The consensus last night seemed to be that we should get an open source conference organised for the region. I suggested an open source track for the LearnTec conference in Miramichi this Fall, and I will follow-up. There are a lot of competent people working with open source, from hardware to operating systems to applications, and I am sure that this region will become a recognised centre of open source innovation. It was good to have the President of NBIF in attendance, witnessing the focus and drive of this community.
After a few false starts and some technical glitches, we have the new (and improved?) blog for elearning R&D in the region, available at www.learnnb.ca/blog/. This is a continuation of the posts started on the R&D Community Blog on this site, which will now be retired. The community now has its own web space, as part of the LearnNB site, which is hosted by the NRC.
I have also established a collaborative work space for interested community members. We are using the ACollab platform, which includes document sharing, file uploading and a discussion forum. Initial feedback is to use the blog for general discussions, and the collaborative work space for specific project-related issues. Please contact me if you would like access.
Feedback is always appreciated.
Rob Paterson offers the example of the New Bedford whaling community as a successful community of practice.
The entire community was financially behind the trip. All contributed to ensuring that the investment was safe by offering the very best equipment from the boat to the rigging. All crew members were paid on a share basis – all had a vested interest in supporting all the others on the ship. It was considered bad form to sail with the same crew so experience was continually spread around the fleet. Every position was apprenticed so their was a hierarchy of experience behind every trade and position. All captains shared their logs at the end of every trip so the NB fleet collected the collective wisdom and experience of every trip.
New Bedford = New Brunswick? Couldn’t we use a similar model for LearnNB? I think that some of the keys to this community are shared risk, no return on investment until the voyage is over, and the sharing of ships’ logs. Sounds almost like the open source community.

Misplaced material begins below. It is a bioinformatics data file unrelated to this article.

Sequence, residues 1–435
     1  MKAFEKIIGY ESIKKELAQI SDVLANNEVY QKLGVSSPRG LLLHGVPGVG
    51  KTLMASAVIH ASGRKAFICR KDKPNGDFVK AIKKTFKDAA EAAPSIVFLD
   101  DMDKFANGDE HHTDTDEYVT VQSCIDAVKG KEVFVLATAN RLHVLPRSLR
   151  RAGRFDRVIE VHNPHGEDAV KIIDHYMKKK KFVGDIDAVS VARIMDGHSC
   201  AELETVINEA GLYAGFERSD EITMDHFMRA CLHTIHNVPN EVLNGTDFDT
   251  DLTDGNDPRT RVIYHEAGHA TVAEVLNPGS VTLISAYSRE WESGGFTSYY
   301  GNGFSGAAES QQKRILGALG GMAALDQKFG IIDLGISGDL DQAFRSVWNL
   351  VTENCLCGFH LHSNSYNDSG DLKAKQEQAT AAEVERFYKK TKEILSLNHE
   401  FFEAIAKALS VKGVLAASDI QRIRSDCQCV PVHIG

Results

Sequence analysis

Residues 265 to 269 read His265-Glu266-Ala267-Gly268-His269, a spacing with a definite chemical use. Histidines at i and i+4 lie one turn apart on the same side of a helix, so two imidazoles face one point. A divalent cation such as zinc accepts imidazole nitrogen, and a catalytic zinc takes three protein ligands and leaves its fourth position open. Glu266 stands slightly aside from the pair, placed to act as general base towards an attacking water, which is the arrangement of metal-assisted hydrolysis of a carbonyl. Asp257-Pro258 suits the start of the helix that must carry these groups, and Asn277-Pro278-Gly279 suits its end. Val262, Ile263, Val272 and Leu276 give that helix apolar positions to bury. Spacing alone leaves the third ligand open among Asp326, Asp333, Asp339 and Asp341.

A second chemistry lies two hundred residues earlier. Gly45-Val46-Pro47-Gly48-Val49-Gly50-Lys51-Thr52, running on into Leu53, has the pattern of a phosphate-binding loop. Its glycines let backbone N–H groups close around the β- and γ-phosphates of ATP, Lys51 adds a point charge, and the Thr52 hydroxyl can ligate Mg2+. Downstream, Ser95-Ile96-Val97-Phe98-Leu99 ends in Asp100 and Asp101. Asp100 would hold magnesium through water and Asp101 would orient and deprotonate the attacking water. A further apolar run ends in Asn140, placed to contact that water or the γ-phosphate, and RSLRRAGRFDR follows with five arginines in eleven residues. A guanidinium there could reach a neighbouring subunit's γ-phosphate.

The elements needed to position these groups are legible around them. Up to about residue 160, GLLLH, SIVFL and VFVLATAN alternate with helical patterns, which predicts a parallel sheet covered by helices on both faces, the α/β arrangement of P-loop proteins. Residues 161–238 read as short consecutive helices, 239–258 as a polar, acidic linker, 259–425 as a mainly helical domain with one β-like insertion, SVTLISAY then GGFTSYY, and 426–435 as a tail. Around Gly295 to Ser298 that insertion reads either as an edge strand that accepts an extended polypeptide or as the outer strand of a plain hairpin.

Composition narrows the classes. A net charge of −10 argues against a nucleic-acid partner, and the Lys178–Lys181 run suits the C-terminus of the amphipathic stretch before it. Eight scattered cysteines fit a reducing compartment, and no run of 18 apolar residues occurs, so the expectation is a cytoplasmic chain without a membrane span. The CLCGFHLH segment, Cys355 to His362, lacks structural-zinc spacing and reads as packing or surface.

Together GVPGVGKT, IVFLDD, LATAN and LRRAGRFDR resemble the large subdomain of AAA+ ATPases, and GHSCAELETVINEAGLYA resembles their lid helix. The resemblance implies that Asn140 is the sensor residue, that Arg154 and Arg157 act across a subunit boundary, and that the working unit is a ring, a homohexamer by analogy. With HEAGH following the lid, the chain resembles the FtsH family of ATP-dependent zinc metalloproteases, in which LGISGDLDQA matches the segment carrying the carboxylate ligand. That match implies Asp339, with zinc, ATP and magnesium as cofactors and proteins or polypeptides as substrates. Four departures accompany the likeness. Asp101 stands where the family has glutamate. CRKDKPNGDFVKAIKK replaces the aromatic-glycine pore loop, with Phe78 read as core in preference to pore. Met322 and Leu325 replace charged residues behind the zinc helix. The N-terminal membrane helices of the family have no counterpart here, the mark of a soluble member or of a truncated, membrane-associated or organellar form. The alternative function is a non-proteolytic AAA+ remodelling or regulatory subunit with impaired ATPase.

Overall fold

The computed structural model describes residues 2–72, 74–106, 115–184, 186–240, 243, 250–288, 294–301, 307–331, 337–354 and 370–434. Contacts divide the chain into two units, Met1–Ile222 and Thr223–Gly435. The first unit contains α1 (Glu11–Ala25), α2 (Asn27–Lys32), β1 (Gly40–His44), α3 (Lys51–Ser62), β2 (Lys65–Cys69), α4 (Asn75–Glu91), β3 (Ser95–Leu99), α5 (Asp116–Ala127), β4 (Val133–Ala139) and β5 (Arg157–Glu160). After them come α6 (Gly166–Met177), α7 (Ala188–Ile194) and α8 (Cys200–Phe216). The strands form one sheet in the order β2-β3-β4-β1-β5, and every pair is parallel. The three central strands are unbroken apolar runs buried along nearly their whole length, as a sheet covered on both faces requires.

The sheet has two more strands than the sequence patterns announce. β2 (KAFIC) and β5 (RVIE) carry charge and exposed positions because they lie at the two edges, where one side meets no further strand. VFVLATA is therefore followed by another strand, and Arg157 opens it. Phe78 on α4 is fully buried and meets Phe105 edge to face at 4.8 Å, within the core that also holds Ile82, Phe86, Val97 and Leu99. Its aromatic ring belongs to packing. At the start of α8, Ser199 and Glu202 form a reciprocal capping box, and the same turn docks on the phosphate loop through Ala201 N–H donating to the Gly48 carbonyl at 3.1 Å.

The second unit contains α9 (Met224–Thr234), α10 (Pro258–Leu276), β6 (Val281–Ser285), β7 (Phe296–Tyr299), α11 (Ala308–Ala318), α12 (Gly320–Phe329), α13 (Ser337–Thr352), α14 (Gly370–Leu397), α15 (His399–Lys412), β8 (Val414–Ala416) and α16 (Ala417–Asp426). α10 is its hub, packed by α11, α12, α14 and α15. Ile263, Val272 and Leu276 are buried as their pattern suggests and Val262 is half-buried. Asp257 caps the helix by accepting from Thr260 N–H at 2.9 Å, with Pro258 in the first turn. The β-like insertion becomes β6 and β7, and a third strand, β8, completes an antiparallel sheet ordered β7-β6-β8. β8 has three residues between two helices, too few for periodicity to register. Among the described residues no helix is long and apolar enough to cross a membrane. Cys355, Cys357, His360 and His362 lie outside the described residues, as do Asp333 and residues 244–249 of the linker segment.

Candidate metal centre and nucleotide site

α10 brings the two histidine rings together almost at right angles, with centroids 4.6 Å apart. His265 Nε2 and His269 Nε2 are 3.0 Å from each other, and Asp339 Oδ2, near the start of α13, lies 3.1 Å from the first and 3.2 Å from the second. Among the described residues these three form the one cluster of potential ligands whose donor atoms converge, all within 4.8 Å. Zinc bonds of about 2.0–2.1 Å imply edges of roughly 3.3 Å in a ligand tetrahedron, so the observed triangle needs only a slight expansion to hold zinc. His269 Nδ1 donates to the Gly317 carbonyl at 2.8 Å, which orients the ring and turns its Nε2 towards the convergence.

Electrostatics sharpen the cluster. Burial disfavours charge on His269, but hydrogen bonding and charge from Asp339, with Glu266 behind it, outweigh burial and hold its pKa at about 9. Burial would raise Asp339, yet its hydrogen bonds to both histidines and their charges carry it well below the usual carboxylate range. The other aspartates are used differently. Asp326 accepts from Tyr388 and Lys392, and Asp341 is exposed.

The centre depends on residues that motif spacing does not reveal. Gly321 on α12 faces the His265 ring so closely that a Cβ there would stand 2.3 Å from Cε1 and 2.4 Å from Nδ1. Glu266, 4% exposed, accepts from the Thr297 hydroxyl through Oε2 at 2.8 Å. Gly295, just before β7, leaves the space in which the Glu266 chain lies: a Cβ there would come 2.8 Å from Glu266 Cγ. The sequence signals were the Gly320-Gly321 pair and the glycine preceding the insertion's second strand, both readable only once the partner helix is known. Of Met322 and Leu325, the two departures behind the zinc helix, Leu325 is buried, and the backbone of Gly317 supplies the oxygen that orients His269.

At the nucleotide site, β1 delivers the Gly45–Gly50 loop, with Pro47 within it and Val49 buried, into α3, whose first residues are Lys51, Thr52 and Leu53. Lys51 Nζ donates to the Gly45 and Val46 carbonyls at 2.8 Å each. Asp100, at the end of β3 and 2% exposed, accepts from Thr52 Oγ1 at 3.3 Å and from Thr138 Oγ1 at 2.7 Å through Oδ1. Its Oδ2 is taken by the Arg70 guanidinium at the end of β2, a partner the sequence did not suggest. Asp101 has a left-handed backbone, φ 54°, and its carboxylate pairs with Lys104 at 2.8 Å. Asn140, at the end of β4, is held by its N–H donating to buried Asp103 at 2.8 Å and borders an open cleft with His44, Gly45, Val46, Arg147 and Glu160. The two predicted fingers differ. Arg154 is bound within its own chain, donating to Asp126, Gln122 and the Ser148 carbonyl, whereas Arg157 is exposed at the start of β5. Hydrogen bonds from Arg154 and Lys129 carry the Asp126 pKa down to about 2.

Bill Gates introduced blogs to the business community today. I guess that means that blogging is officially mainstream. Anyway, here is Bill’s view of this "new" phenomenon – parts of which may come in handy when explaining blogging to "The Suits". [Note that I couldn’t just copy this material and then link to it, because the MS Bill Gates site doesn’t use anything as simple as a Creative Commons licence. Instead, I had to dig through many pages of Microsoft legalese in order to determine that the company allows for the quoting of up to 10% of an article. After copying and pasting and doing a word count of the article as well as my quote, I know that the selection below is 4.1% of the total article.]
Another new phenomenon that connects into this is one that started outside of the business space, more in the corporate or technical enthusiast space, a thing called blogging. And a standard around that that notifies you that something has changed called RSS.
This is a very interesting thing, because whenever you want to send e-mail you always have to sit there and think who do I copy on this. There might be people who might be interested in it or might feel like if it gets forwarded to them they’ll wonder why I didn’t put their name on it. But, then again, I don’t want to interrupt them or make them think this is some deeply profound thing that I’m saying, but they might want to know. And so, you have a tough time deciding how broadly to send it out.
Then again, if you just put information on a Web site, then people don’t know to come visit that Web site, and it’s very painful to keep visiting somebody’s Web site and it never changes. It’s very typical that a lot of the Web sites you go to that are personal in nature just eventually go completely stale and you waste time looking at it.